We pointed our canoes toward the far shore and everyone was aware that we were to travel to the "point" and then on into the bay where the first portage of 1998 awaited us. The waves were 1 to 2 feet as we slowly moved out into the choppy waters and soon the Baron's canoe tacked toward the theoretical protection of the high bluff off towards the East while the Jester's canoe headed straight for the far side's point. As we labored in the wind and waves the Czar several times excit-edly commented that Jester was steering for the point and should change course left to avoid a collision. This cautionary note was a bit premature, as we were only a few yards off the shore from which we had launched. Also, this is a bit puzzling as Czar usually wants people to move towards the right.

Slowly we crossed the open expanse of Ferguson Bay and as we neared the point the winds would alternately build and fade, making our first day's paddle more memorable than we had planned. The canoe carrying Beef Stew and Baron slowly changed course and came closer to our own line of travel although several hundred yards ahead. Almost as soon as they had crossed ahead of us they pulled into a small island which was not marked on the topo map. I thought that Beef needed a bathroom break due to both the excitement of such a windy crossing and having had to perform as bowman for Baron. There is a rich history of those intrepid paddlers who per-form as bowmen for the Baron.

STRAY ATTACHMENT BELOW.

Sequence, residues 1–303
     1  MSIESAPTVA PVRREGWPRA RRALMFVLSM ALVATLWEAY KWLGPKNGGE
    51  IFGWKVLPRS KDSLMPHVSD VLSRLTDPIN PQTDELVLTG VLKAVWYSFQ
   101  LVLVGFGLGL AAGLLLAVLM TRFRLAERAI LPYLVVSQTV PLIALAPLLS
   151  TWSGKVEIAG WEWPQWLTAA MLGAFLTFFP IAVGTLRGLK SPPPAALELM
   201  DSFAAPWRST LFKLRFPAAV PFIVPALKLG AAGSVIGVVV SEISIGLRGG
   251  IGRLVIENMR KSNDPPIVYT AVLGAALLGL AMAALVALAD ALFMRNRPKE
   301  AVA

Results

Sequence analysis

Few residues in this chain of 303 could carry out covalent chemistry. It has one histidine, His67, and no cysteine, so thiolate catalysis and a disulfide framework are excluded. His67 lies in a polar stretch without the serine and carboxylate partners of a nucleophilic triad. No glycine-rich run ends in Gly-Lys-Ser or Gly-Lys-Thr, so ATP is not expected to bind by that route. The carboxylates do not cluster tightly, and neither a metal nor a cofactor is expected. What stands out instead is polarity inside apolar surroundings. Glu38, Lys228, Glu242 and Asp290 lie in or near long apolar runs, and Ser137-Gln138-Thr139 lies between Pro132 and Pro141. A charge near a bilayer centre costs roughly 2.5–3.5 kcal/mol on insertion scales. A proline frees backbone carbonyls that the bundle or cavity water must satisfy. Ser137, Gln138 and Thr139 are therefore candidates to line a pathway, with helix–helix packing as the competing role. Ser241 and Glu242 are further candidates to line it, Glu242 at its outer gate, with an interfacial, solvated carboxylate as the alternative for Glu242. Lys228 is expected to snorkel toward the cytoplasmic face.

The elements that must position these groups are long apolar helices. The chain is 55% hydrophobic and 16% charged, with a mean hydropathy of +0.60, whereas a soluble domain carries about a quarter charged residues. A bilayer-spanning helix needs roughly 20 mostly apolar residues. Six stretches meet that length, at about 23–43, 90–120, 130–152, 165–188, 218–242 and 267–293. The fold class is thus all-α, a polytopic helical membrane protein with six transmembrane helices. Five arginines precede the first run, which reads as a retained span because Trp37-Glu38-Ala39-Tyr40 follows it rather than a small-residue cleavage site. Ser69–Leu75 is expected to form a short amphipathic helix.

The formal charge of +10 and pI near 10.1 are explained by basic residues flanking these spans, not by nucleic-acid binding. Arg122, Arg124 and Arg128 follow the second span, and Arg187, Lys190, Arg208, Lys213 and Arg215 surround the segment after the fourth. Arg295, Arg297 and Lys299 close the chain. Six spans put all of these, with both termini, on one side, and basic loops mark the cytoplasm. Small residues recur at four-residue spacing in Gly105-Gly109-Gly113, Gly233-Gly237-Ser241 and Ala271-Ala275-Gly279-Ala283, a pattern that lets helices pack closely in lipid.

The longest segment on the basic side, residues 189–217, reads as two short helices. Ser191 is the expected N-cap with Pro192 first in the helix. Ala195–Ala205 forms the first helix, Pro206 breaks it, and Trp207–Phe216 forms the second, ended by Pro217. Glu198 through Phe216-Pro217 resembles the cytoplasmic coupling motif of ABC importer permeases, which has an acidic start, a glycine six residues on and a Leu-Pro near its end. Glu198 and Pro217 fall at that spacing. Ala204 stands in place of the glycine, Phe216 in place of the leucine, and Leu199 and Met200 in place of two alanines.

As Czar and Jester pulled up to the island we could tell that Beef was not dancing around and re-lieving himself but rather reading from a copy of Time-Life's Rope Tricks for the Northern Canoe-ist while Baron was performing some of his rope magic. With the shout, "The seat broke!" we knew that the trip had gotten off to a fanny-tastic start. Having come from New Hampshire, Beef, who had already traveled farther than the others, had suddenly traveled just a bit farther. The pop rivets holding the L-shaped seat bracket to the aluminum gunnal had failed, due either to the wave-induced twisting while crossing the bay or to a poor quality of rivet. Perhaps all of those "senior citizen meals" add up, if not in dollars, then in pounds. In any case, we were soon on the way in search of our first portage of 1998.

Caution! keep your map oriented
Before continuing, I pause to remind our readers that it is always a good idea to orient your map so as to prevent the uncertainty exhibited in our next incident. As we paddled through all the wind and waves, only slowly moving past the point and into a more sheltered body of water, the Jester began to question the exact location and was fearing that with our concentration on the waves we might have missed the bay which led to the Southern-most portage out of Ferguson Bay. It seemed like we had been paddling long enough to see the portage landing, certainly the bay which was tucked in the Southwest corner but it was not to be seen.